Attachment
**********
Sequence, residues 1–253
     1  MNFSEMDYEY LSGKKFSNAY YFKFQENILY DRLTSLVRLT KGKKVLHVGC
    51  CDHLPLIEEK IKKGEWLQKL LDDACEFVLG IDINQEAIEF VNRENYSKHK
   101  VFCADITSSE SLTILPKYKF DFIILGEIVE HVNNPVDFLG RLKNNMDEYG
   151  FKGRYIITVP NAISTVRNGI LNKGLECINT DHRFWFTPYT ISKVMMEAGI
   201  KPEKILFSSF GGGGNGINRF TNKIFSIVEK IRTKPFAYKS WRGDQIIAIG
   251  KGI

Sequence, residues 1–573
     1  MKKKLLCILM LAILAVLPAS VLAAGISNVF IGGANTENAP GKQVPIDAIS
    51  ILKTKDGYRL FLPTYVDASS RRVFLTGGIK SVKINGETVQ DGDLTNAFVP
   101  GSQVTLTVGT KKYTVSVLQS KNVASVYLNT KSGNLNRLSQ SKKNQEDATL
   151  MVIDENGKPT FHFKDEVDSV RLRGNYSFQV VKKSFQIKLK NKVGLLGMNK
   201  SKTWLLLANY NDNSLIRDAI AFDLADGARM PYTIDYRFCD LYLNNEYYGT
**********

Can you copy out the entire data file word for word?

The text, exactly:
Sequence, residues 1–253
     1  MNFSEMDYEY LSGKKFSNAY YFKFQENILY DRLTSLVRLT KGKKVLHVGC
    51  CDHLPLIEEK IKKGEWLQKL LDDACEFVLG IDINQEAIEF VNRENYSKHK
   101  VFCADITSSE SLTILPKYKF DFIILGEIVE HVNNPVDFLG RLKNNMDEYG
   151  FKGRYIITVP NAISTVRNGI LNKGLECINT DHRFWFTPYT ISKVMMEAGI
   201  KPEKILFSSF GGGGNGINRF TNKIFSIVEK IRTKPFAYKS WRGDQIIAIG
   251  KGI

Sequence, residues 1–573
     1  MKKKLLCILM LAILAVLPAS VLAAGISNVF IGGANTENAP GKQVPIDAIS
    51  ILKTKDGYRL FLPTYVDASS RRVFLTGGIK SVKINGETVQ DGDLTNAFVP
   101  GSQVTLTVGT KKYTVSVLQS KNVASVYLNT KSGNLNRLSQ SKKNQEDATL
   151  MVIDENGKPT FHFKDEVDSV RLRGNYSFQV VKKSFQIKLK NKVGLLGMNK
   201  SKTWLLLANY NDNSLIRDAI AFDLADGARM PYTIDYRFCD LYLNNEYYGT